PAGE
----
YouTube's Great Influence, for Good and for Ill

You wouldn't think that a computer professor's lecture on dying and the violent beating of a teenage girl by a bunch of cheerleaders would have anything in common.  But they do.  And its name is YouTube.

Internet video is a powerful medium.  It can make regular Joes and Janes into instant celebrities or at least drive headlines for a news cycle or two.  Remember the high school student who called the school superintendent to ask why school hadn't been cancelled on a snowy day and got a tongue lashing by the superintendent's wife?  The audio tape went viral on the Internet and the student's story was covered by every morning news program the next day.  Or take the music group OK Go, whose YouTube video in which they performed a song on treadmills led to a radio hit? And of course there's the Obama Girl.

This week every morning network news program has reported on the cheerleaders who beat another teenage girl senseless.  Reporters covering the story said the vicious cheerleaders videotaped the 30-minute beating so they could post the video on YouTube.  They craved Internet celebrity.  As of this writing, that video is the fifth most viewed on YouTube today, with more than 58,000 people checking it out.

And then there's Randy Pausch.  The video of a lecture he gave at Carnegie Mellon University in September of 2007 has almost one million YouTube views as of this writing.  It has spawned a book that is on sale today and is the subject of a Diane Sawyer Primetime special tonight on ABC.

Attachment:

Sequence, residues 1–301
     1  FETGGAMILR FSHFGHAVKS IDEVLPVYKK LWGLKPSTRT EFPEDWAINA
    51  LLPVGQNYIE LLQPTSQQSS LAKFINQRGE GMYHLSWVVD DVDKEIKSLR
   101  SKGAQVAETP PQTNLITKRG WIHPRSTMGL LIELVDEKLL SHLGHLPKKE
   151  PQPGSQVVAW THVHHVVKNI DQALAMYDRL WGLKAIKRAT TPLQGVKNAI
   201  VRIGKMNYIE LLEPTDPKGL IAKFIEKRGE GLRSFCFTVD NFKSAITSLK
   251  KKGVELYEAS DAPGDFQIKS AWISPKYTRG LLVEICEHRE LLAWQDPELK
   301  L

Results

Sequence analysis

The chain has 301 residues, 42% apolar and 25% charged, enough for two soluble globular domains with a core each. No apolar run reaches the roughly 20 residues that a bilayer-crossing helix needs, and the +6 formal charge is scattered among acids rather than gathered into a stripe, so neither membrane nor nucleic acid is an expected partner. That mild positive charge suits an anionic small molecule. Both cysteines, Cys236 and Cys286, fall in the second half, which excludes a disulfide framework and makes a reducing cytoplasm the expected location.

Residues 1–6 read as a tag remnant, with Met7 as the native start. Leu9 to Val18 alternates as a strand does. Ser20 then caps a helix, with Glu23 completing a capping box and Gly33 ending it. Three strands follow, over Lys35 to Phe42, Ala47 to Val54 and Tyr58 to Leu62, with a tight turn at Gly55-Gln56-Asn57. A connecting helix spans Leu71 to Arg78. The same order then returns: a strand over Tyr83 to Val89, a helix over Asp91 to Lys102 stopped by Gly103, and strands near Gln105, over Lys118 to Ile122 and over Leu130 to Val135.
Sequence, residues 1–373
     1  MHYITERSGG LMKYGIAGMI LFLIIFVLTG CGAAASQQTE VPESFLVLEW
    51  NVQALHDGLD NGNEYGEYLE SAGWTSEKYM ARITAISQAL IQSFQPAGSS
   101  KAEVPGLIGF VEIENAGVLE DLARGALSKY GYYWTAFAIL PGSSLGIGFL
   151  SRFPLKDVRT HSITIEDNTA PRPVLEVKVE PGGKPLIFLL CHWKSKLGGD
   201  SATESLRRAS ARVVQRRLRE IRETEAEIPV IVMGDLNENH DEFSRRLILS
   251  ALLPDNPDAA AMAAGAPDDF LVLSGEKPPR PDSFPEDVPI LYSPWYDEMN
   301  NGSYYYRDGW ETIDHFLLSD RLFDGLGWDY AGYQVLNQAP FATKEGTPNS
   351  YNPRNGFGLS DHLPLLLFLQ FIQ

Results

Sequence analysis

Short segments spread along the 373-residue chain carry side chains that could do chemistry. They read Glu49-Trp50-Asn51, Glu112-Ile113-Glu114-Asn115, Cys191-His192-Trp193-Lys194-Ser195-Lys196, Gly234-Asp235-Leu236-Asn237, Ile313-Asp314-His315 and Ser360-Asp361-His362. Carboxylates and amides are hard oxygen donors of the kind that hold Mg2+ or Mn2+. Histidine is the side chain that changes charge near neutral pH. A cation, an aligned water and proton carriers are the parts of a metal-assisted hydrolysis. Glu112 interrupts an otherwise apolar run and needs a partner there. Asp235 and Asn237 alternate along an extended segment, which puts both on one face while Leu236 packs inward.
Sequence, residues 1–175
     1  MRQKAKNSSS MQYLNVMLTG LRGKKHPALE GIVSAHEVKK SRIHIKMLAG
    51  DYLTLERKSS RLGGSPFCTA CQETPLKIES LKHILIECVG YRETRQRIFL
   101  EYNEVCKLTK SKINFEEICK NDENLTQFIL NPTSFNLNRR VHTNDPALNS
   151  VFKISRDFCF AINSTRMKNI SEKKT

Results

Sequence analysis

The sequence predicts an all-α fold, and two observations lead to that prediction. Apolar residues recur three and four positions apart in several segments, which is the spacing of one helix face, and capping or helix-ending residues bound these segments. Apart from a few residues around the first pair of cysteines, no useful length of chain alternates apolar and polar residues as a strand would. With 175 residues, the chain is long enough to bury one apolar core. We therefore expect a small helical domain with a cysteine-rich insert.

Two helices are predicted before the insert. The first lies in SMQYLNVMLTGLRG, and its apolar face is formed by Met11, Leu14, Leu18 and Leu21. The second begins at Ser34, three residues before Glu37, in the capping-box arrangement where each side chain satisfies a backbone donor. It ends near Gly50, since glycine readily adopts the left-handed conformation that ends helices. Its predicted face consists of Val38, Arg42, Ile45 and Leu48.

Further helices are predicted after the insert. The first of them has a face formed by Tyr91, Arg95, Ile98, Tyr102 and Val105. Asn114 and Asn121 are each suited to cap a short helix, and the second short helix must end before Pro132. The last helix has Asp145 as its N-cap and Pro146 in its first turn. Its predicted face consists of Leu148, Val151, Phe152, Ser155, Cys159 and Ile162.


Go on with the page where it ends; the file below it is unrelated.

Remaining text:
Pausch, a 47-year-old father of three and computer science professor, is dying of pancreatic cancer.  His YouTube video is a recording of a “last lecture” he gave as part of a speaking series at Carnegie Mellon.  Professors there are asked to give a one-hour “last lecture” of things they'd want to say before they die.  For most it is an exercise in creativity.  For Pausch it was the real deal.

In an interview about the Primetime special on, Pausch said he never intended the lecture to be recorded.  His speech was something he wanted to say to his young children who may not remember him as their father when they grow up.  The youngest is 18 months old.  But his message of living positively, of striving to achieve dreams, has resonated with millions of people.  Some reports on the viral video effect of Pausch's lecture estimate that it may have been downloaded six million times.

According to a 2006 article in the journal Entertainment and Sports Lawyer, YouTube, which was started in 2005 by two guys in a room above a pizza shop, is now an “Internet destination” with more than 70 million videos being viewed by millions of people around the world.  The article was talking about the copyright impact that videosharing presented and speculated that the impact of viral video would be long felt.  The authors were right.  YouTube made a mark on the 2008 political landscape with CNN/YouTube debates held in the fall of 2007.  The videosharing idea has clearly taken hold in the culture.

In fact the YouTube concept has inspired other videosharing sites, some of which seek a niche market, like GodTube.   The most recent addition to the videosharing landscape is the Media Research Center's, which launched April 2.

Clearly the Internet and internet video have far-reaching impact and cultural significance.  And like all media it is a two-sided coin.  While Internet videosharing clearly has the power to benefit society and inspire good, like Pausch's “Last Lecture,” the flip side is also true.  In the quest for celebrity some people will go to disgusting lengths, like beating someone senseless, to use YouTube to promote themselves. 

Kristen Fyfe is senior writer at the Culture and Media Institute, a division of the Media Research Center.